Mexico is where facts, like people, simply disappear.
William T. Vollmann:
Across the border, the desert is the same but there are different secrets.
Fernando Diaz Santana:
In Mexico it is dangerous to speak the truth. It is even dangerous to know the truth.
As long as we don't get too deeply into a story, we are safe.
Having been told that the world rested on a platform which rested on the back of an elephant which rested in turn on the back of a turtle, he asked, what did the turtle rest on?
And that turtle?
"Ah, Sahib, after that it is turtles all the way down."
What began as a war on drug trafficking has evolved into a low-intensity civil war with more than two sides and no white hats, only shades of black. The ordinary Mexican citizen -- never sure who is on what side, or who is fighting whom and for what reason -- retreats into a private world where he becomes willfully blind, deaf, and above all, dumb.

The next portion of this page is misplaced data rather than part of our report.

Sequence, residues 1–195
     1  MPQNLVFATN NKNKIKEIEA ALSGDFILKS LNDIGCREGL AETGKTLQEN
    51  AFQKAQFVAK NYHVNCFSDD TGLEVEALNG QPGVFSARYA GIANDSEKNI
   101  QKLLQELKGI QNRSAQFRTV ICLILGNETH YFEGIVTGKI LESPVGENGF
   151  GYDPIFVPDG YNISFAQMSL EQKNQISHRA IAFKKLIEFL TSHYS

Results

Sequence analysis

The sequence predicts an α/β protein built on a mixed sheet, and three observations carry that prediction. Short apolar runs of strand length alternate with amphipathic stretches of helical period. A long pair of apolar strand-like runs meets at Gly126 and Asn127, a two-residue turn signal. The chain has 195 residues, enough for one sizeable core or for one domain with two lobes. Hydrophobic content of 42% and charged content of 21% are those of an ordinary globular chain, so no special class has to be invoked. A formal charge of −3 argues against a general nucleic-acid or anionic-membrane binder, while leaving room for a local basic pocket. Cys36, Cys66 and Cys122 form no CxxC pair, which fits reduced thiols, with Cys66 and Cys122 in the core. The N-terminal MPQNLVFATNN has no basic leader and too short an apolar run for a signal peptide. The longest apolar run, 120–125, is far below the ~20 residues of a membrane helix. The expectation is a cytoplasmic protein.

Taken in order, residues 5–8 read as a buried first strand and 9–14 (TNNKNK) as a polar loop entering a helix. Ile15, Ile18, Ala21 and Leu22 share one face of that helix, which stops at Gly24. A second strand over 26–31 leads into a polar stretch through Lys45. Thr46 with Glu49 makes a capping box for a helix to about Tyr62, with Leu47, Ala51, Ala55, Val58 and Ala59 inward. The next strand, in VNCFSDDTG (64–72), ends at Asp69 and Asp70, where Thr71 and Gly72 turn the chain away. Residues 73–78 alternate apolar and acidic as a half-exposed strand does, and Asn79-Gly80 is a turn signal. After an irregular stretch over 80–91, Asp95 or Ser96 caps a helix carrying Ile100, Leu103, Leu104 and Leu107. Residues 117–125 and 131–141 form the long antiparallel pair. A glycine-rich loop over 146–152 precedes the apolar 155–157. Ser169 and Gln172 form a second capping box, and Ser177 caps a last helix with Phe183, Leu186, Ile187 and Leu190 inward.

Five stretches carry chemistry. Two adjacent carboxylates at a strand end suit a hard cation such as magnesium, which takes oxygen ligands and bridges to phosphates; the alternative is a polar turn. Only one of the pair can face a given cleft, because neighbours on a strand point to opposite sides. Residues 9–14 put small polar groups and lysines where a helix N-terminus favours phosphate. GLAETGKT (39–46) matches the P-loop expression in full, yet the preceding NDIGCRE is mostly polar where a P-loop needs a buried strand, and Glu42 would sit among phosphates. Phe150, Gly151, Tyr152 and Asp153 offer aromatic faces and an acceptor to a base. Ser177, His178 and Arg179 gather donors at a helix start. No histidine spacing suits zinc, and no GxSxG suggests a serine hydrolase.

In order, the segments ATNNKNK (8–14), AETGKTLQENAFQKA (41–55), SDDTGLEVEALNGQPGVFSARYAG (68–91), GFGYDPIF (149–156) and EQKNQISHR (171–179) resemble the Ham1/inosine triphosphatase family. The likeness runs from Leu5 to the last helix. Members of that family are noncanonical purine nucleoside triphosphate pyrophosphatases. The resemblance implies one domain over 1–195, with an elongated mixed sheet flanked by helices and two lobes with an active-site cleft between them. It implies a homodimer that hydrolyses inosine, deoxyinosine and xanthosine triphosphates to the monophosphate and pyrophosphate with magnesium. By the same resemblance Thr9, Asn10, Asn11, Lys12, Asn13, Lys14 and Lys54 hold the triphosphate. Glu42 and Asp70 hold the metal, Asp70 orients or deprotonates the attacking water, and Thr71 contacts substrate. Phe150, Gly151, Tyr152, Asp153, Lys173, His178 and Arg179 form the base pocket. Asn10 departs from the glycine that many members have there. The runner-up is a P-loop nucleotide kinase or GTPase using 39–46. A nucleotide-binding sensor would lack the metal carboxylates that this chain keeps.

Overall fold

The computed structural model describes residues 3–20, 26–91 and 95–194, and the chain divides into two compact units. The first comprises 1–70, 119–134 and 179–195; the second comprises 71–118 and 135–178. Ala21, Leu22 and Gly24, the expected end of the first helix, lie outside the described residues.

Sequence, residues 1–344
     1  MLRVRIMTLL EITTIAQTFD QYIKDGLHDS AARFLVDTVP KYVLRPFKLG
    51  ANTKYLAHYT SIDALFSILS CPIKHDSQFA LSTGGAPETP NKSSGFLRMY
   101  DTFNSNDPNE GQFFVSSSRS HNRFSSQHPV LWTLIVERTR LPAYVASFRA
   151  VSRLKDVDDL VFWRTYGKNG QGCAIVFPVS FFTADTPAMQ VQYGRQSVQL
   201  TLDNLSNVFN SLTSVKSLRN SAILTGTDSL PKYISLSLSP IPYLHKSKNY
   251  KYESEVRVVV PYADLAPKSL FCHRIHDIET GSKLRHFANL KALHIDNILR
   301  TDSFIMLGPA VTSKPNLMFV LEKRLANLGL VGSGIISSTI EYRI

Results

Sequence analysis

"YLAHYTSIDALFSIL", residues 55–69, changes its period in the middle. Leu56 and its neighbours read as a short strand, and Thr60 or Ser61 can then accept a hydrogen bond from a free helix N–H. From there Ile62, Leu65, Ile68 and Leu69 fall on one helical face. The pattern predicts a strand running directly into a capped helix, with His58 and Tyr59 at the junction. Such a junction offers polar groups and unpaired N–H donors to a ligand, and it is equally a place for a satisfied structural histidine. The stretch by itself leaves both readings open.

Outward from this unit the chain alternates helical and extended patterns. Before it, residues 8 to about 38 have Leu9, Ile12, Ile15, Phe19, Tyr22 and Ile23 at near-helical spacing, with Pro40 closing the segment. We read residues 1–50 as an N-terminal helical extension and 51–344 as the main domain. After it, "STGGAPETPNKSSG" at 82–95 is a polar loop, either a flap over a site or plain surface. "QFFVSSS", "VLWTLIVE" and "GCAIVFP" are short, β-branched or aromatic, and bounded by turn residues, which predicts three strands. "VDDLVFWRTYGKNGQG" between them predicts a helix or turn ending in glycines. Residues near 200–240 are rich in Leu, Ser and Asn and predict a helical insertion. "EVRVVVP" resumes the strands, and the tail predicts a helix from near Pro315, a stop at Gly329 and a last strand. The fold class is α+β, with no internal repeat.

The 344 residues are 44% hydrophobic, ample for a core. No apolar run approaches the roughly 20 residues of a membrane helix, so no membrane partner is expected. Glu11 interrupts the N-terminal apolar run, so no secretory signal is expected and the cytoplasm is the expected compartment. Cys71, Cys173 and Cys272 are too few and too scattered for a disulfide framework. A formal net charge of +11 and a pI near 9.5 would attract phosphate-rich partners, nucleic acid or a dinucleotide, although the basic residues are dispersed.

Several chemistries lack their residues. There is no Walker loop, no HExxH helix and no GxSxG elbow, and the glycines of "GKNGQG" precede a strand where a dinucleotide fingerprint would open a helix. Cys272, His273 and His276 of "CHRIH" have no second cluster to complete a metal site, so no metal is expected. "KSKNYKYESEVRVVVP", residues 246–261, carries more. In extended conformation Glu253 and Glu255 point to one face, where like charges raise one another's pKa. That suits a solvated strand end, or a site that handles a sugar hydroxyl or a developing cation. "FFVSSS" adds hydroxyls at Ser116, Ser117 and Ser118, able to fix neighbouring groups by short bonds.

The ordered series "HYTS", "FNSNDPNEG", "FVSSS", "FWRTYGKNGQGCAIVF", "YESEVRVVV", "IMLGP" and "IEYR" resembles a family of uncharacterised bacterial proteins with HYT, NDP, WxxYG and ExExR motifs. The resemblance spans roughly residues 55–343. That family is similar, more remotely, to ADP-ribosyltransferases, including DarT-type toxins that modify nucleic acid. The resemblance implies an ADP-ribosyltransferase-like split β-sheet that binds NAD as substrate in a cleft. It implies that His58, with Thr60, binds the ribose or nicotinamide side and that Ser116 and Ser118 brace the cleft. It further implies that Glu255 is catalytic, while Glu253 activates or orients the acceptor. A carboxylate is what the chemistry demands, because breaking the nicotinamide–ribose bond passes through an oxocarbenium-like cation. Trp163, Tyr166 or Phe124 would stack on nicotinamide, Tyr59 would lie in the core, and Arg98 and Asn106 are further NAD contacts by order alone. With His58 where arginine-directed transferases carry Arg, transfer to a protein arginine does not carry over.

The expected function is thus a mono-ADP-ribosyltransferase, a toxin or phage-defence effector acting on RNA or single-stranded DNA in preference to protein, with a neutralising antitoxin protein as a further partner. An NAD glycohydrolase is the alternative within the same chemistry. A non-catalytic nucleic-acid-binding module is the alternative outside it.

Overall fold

In seeking, much less speaking, the truth about what the Mexican army is up to, one often runs into the paradox of the Mexican reality: something dreadful happens and is then treated as if it hadn't happened. Facts, like people, simply disappear.
It's all lies. But they're entertaining lies. And in the end, isn't that the real truth?
The answer ... is No.